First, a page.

Atoms, plants, and animals cannot fail. They may, however, reflect the karma of failure of the planet as a whole or — for example in the case of cancerous cells — of mankind as a whole. Any human being can fail; and this is Man's greatness as well as his responsibility. The fact of failure must be accepted unemotionally, with the realization that by failing, Man arouses Compassion in the Godhead state. Nevertheless, one must not take one's own failure lightly and dismiss its existential results, which can be drastic and ultimately devastating indeed; nor should one succumb to the attraction of forces in one's nature or in society which glamorize the past, recycle its obsolete features in seemingly new symbols and collective institutions, and thereby incite failure.
Collective institutions presumably will be needed by human beings of average consciousness for many millennia to come; yet, though they condition the behavior of growing human beings and set limits to the forms creativity may take, they need not blind the consciousness of determined and mentally open individuals. One must render unto the collective what belongs to the collective, and to the individual what belongs to the individual. For any human being who is ready and able to become truly an individual, failure occurs only when, under pressures seemingly too heavy to bear, the would-be individual surrenders his or her consciousness and will — the sense of individual power and selfhood — to the collective norm.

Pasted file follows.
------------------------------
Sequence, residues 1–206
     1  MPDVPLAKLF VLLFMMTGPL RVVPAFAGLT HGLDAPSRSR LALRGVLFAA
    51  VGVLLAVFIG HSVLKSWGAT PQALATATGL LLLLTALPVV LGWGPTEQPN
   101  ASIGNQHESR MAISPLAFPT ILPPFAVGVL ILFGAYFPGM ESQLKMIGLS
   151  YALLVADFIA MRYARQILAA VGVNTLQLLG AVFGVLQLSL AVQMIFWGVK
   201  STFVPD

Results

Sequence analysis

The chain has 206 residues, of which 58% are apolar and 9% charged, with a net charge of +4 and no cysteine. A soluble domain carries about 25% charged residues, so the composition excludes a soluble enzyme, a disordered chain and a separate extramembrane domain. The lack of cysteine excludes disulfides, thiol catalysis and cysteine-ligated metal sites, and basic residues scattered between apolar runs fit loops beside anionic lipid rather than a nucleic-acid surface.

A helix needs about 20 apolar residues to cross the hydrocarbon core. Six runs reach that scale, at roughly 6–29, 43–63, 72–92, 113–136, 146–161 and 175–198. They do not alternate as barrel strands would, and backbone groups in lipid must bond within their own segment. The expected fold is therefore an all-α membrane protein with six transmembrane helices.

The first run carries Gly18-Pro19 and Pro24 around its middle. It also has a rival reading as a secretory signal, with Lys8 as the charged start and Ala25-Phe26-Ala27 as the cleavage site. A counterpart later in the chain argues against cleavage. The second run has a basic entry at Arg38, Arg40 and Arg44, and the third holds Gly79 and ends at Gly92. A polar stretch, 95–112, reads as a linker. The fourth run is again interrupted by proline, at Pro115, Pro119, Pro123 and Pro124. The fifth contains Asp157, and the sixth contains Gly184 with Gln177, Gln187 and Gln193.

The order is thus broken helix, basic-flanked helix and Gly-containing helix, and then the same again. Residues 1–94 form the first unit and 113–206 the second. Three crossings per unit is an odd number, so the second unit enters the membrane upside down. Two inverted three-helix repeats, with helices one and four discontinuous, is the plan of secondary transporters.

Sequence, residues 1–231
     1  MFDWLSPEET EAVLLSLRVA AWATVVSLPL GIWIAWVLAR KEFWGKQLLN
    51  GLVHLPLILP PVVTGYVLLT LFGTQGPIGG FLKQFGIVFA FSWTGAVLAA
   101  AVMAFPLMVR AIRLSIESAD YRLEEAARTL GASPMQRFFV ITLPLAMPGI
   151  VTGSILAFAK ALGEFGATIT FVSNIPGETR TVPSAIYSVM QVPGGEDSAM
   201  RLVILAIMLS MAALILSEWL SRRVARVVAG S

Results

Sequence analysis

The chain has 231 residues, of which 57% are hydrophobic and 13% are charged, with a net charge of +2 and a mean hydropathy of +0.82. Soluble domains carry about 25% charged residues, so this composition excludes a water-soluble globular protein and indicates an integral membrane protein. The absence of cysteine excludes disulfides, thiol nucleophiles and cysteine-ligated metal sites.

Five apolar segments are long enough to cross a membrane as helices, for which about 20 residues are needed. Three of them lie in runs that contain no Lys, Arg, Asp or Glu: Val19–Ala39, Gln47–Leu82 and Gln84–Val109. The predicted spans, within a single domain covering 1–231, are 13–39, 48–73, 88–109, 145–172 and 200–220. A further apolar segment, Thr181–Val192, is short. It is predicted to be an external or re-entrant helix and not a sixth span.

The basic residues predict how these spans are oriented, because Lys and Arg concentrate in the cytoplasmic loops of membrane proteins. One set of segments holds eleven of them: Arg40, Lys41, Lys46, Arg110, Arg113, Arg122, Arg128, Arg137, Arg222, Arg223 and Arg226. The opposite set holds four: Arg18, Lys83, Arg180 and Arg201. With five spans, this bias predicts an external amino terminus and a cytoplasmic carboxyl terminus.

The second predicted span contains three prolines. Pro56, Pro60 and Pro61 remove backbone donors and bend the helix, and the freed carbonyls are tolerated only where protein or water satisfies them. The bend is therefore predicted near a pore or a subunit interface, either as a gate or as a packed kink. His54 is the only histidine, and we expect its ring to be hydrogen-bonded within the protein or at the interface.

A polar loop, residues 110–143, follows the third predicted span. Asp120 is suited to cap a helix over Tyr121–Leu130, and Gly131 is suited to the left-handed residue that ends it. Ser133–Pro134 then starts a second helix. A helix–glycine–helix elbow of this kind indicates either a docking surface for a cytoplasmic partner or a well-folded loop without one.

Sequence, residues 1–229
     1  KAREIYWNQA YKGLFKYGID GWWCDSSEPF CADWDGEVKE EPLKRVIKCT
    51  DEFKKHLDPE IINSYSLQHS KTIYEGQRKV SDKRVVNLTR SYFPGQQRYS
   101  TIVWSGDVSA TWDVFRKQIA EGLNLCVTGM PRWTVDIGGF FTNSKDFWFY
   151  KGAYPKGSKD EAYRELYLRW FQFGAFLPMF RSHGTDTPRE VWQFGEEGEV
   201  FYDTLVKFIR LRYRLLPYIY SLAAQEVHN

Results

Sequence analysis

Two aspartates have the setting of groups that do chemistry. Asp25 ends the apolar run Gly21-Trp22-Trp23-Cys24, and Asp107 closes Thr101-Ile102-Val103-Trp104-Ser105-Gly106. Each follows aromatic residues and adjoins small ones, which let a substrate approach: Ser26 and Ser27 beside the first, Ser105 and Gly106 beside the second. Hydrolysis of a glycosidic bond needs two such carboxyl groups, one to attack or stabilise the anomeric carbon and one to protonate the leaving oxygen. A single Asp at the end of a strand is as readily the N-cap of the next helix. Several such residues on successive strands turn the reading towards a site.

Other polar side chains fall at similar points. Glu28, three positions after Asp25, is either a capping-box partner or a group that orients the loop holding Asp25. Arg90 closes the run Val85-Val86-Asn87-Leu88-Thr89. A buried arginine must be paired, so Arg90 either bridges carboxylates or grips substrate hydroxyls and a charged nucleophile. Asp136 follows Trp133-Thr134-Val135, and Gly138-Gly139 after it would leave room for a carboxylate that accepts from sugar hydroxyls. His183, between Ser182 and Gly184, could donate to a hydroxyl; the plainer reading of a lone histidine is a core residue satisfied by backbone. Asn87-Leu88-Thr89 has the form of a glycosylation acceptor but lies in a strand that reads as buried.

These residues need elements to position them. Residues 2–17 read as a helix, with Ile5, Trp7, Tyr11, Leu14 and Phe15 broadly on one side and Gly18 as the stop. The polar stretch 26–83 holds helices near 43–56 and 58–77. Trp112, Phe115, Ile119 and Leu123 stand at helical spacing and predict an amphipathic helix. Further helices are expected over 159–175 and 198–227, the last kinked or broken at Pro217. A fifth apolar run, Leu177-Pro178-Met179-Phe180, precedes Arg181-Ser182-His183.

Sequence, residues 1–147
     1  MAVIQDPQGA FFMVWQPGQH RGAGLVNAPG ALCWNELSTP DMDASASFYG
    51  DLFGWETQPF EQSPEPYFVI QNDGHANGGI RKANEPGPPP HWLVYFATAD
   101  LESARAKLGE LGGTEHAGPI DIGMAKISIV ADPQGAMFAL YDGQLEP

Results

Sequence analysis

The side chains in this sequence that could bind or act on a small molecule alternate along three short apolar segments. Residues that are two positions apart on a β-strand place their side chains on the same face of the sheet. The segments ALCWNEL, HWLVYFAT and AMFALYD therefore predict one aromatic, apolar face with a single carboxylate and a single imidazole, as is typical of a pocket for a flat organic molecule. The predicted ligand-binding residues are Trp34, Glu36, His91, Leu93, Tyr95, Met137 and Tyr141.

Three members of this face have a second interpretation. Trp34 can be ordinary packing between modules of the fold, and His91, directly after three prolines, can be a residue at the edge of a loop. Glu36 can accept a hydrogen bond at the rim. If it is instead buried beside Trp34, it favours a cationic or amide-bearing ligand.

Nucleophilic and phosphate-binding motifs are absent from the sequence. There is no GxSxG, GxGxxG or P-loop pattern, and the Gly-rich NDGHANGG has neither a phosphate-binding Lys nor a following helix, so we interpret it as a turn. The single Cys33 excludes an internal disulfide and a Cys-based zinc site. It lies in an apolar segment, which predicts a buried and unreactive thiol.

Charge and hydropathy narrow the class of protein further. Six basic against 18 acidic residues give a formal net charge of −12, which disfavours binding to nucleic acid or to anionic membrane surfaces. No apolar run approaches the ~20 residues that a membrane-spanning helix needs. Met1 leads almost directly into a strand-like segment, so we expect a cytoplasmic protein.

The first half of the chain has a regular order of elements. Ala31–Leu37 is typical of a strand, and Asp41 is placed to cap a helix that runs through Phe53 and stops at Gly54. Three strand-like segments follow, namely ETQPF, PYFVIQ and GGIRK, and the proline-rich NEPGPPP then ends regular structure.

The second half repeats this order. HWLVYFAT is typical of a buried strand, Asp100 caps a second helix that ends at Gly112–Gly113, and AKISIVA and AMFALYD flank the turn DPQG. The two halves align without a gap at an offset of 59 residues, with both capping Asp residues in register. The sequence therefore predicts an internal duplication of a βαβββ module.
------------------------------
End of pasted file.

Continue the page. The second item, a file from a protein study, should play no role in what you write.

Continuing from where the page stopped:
The individual must be able to stand alone, even amidst the collectivity in which he or she was born and educated. He or she must find security in a vivid, repeated, and clear realization of individual selfhood rather than "take refuge" in an institution and its collective dharma, however beautiful and calming this dharma may be. Illumined Man must reach Illumination as an individual. Even though transfigured by the Meaning of Wholeness and sustained by the invisible Companions whose sublime Communion he or she is about to join, the individual is essentially alone — and free to fail if traces of pride or longing for the past remain in his or her personality.
In the supreme equinoctial moment in human evolution, when the strength of the principles of Unity and Multiplicity are equal and Alpha polarizes Omega, whether we think of individuals having far outdistanced the masses of mankind or of the spiritualized humanity of the Last Day, Man passes through the Gate of Silence into a world of ever-increasing subjectivity. Passing through this awe-inspiring threshold, the mind becomes the mirror in which God the Creator radiates the Light of the rising Sun of the universal dharma that once aroused Chaos into space-time and motion. In Illumined Man resonates this creative Word, which is Sound and Light; and in this resonance the Wholeness of every whole that is, has been, and ever will be sings the supreme Meaning of all-encompassing being.
The term psychism
will be defined in more detail in Chapter 8. Also, see my book Beyond Individualism: The Psychology of Transformation
(Wheaton, II.: Theosophical Publishing House, 1979). Return